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CLASSE NEWS | 13 May 2019

CBETA Gets Beam Through Permanent Magnets

<noautolink>CBETA First Beam.jpg</noautolink>
First electron beam after CBETA's return loop.

Tuesday night, May 7th, the CBETA team hit an important milestone after sending the beam through their permanent magnet return arc for the first time. After the beam was suitably steered into the beginning of the arc, it immediately popped out of the other side without any additional orbit correction needed, even though it passed through over 200 permanent magnet quadrupoles along the way.

This was only possible because of the very precise tuning of the magnets during construction at Brookhaven National Lab (BNL), and the careful surveying done by both Cornell and BNL teams, placing each magnet correctly around the ring to about the width of a human hair.

This return loop will send the electron beam (after its acceleration) back into the linear accelerator, where the beam-energy is recovered and used to accelerate more electrons. In the final configuration of CBETA, 4 beams will be accelerated in the linear accelerator so that beams with 4 different energies will be in the return loop simultaneously, each following a separate trajectory. The ease with which the beam transversed the return loop on May 8 gives hope that the 4 separate trajectories will also follow their predicted paths.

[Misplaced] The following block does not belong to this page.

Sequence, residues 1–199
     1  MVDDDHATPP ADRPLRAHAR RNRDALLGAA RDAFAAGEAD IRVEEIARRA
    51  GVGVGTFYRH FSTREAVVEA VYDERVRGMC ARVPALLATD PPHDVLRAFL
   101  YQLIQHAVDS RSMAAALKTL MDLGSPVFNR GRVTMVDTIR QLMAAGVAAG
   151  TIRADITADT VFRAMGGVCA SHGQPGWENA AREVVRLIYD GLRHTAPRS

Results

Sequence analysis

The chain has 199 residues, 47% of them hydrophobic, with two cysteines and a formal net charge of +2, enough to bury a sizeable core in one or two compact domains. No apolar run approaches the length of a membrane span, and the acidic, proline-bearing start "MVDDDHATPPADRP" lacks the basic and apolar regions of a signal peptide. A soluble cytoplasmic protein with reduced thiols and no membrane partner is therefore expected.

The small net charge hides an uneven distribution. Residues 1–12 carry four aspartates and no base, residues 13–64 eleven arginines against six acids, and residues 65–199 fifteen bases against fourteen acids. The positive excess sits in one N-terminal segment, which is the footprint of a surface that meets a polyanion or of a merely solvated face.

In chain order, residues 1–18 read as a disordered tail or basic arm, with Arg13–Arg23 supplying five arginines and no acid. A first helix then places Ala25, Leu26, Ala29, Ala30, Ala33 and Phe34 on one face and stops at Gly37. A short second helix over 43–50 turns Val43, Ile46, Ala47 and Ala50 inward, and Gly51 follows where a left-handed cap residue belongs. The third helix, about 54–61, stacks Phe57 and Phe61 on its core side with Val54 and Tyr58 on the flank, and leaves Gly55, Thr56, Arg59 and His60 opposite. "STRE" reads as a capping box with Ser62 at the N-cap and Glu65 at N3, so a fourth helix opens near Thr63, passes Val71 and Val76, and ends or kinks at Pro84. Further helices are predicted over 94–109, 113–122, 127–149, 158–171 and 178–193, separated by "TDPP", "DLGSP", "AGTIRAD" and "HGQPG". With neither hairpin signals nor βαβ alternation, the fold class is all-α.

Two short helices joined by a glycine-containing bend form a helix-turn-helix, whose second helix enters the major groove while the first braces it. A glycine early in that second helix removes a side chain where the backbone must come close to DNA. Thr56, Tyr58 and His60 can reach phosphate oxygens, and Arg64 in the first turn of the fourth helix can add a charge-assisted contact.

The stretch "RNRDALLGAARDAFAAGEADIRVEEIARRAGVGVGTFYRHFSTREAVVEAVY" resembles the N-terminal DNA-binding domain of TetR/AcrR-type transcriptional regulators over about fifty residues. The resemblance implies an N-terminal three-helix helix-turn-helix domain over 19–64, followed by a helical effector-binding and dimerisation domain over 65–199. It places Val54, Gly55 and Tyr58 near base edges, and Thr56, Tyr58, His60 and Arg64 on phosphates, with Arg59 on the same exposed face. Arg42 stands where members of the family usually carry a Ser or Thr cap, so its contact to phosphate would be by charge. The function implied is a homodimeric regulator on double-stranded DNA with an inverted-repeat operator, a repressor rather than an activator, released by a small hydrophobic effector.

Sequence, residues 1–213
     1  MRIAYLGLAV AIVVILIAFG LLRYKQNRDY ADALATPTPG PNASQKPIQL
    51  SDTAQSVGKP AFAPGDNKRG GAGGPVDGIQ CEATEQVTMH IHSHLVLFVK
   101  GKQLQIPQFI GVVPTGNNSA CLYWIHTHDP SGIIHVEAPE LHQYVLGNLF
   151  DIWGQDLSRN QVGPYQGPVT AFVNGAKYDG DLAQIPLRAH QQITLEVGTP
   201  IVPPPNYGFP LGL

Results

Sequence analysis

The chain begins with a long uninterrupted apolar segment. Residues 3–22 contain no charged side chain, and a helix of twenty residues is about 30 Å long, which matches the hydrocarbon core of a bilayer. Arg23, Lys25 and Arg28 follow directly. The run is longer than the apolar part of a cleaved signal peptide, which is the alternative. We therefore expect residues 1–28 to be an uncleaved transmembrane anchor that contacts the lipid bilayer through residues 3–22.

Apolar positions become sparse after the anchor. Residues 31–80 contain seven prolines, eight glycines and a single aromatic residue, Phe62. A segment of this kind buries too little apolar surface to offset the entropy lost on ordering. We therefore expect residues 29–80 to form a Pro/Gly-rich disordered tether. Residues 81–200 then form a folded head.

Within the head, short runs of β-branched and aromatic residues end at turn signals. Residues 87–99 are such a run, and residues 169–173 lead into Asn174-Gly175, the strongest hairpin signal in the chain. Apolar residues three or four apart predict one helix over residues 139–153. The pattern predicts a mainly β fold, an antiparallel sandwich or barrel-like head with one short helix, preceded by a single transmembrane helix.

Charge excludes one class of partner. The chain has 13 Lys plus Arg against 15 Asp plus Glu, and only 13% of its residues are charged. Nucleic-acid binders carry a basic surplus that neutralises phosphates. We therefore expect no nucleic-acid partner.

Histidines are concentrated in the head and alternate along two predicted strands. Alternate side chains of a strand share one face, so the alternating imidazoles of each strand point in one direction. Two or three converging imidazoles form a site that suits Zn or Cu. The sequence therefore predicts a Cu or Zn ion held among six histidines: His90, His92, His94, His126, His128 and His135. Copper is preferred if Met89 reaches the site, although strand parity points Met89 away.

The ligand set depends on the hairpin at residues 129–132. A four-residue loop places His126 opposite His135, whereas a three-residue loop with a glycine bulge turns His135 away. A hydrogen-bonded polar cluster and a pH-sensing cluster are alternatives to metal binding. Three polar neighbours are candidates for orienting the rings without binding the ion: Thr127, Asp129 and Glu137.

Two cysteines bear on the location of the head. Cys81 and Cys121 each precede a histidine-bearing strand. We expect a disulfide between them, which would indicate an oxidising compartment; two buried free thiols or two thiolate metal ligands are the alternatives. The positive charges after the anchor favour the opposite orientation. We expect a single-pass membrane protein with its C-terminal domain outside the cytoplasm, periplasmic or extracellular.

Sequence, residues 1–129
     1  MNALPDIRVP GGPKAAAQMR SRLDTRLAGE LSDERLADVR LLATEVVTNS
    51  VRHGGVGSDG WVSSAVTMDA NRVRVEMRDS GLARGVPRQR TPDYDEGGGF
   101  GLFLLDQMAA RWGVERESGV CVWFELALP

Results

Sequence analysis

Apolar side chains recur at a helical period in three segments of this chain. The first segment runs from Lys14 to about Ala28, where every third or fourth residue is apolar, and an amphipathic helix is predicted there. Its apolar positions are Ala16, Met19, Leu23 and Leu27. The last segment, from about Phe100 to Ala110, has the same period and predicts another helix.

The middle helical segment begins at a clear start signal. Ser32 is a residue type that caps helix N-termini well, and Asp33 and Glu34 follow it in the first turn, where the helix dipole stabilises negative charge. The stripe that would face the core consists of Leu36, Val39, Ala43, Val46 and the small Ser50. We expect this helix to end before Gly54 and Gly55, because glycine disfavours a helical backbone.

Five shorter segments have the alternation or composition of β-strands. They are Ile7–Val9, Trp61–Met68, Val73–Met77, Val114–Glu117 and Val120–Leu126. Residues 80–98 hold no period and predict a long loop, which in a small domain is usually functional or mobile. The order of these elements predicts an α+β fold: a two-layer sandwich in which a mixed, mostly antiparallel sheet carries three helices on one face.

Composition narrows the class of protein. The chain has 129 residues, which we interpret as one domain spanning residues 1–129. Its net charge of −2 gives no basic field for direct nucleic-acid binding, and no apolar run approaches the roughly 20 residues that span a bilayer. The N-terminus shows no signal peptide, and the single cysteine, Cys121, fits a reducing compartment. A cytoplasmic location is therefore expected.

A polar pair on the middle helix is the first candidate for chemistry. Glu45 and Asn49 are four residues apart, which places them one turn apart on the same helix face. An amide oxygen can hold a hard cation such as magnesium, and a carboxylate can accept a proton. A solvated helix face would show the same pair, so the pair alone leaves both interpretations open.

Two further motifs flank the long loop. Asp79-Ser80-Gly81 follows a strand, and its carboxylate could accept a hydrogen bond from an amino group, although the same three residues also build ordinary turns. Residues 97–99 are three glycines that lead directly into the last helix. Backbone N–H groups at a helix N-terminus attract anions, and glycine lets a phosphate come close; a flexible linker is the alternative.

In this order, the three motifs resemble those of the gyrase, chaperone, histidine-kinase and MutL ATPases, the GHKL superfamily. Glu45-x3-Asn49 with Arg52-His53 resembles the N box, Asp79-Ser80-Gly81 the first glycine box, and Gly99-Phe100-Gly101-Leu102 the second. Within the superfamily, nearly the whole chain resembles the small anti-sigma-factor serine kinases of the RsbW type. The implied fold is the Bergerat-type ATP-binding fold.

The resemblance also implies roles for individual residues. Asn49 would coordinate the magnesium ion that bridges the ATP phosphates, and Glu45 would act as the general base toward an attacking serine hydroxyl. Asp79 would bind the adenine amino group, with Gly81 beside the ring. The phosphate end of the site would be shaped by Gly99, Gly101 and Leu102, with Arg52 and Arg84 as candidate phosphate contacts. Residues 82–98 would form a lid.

<noautolink>beam position.jpg</noautolink>
The X (blue) and Y (orange) beam positions detected through CBETA's complete permanent magnet return loop. The horizontal axis of the graph is the position along CBETA in meters.

The beam oscillates around the designed trajectory (the solid blue and orange lines) because of steering inaccuracies, as the team did this without any corrector magnets.